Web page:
Only Half Human

It's fair to say some of my convictions have shifted in the last decade, but the bigger shift has come in the heart, or to be more Biblical, in my bowels, the seat of emotion, the actual place we feel heartache, frustration, or pure joy. I'm going to say something I may never say again, in this category, the Old King James outpaces all other translations, specifically in its usage in Colossians 3:12:

Put on therefore, as [the] elect of God, holy and beloved, bowels of compassion, kindness, lowliness, meekness, longsuffering; 

I was a child who searched for right answers. I've heard a lot of sermons during my summers as I navigated various 6+ ton, air conditioned, farm implements across Northwest fields. By the time harvest was in full swing, I was listening to 10 to 15 sermons a week, stuffing my brain with information, rigid unfeeling knowledge.

I used to be gnostic, a heresy as old as the New Testament, the notion that all that is physical is evil and worthy of destruction. The way to salvation was through a building of secret knowledge linked with denial of flesh and all that it represented, namely emotion. Gnostics believed Jesus came in the appearance of human flesh but never actually became physical, thus avoiding the evil of atoms glued together with hormones.

But Jesus was flesh, bowels plumb full of Jewish hutzpah and hummus. When He talked about the kingdom he didn't put it in theological jargon, he spoke of man fully alive, set free from all that kept him from being fully human. He told emotionally charged poetry, balled his eyes out over Jerusalem, balled again when his friend died, got angry at people who used religious power to thumb down exploitable individuals, and was according to the overly intellectual pharisees, the life of the party.

Or look at it this way, Jesus had sexuality. Of course we all get up in arms when someone tries to write a book that has Jesus married and sexually active, but if Jesus was both fully God and human, then He (like 99% of the human population) probably had a sexual identity, though I don't believe he ever acted on it. He took on the human experience, why would he go through all that in order to be 'with us' but then cut it short at sexuality?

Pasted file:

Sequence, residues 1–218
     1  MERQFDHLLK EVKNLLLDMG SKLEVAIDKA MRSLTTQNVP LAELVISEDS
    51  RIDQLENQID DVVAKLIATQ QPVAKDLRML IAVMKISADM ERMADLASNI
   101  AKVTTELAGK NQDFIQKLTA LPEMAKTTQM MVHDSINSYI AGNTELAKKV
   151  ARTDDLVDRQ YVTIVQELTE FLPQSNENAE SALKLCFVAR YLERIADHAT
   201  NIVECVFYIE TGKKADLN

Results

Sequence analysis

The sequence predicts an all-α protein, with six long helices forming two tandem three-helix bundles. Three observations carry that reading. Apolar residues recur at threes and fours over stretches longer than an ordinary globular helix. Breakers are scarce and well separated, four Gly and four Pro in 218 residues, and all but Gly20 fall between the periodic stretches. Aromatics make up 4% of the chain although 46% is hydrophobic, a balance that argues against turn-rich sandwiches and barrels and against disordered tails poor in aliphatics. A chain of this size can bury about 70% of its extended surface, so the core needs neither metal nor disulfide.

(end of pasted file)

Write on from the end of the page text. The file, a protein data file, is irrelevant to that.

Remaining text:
He became all that we are because he came to redeem all that we are.

Rachel Evans, a few weeks after the Sandy Hook shooting, wrote a post called The Scandal of the Evangelical Heart. She wondered, as I did, why so many were so quick to respond with emotionally neutered/perfunctory theological statements.

And I suspect this explains why, in the wake of the Sandy Hook tragedy, so many evangelical leaders responded like Job’s friends, eager to offer theological explanations for what happened instead of simply sitting down in the ashes and weeping with their brothers and sisters.

Rachel was speaking to my own emotional disfunction that I continue to work through, that God continues to redeem. I used to operate on the notion of love as an intellectual concept, as if simply declaring the motives of my actions loving (which I defined as simply telling the truth) made them loving. But the Bible doesn't speak of God's love in terms foreign to us, bowls of compassion means compassion that you feel in your gut.

The heart made new doesn't spit emotionally void or angry theology; it is unmistakably compassionate for all, including it's physical and ideological enemies. Jesus did after all say, even an emotional child would love those who love them already (My paraphrase of course).

If I have to explain to someone that I am actually compassionate, then I'm probably not all that compassionate. We don't do ourselves any favors by claiming to be something we aren't (in fact, any feigning of maturity that I put on only stunts real growth). Genuine love is not put on like a coat. Mother Theresa never had to explain to people that she was actually full of love and compassion, and yet she was able to publicly declare America a culture of death (both for it's love of abortion and warfare) without marring her compassionate reputation.

If all aspects of speaking the truth in love are vitally important, by my meager understanding of what unmistakeable love looks like, as a collective voice (which I have far too often added to in my short life) we're still only half human.

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Thirty seconds after posting this I came across a fantastic example of another man genuinely transformed and unmistakably compassionate.

One of the inmates then asked him why he had come to visit them. (Pope) Francis said it was to "help me to be humble, as a bishop should be." He said he wanted to come "from my heart. Things from the heart don't have an explanation."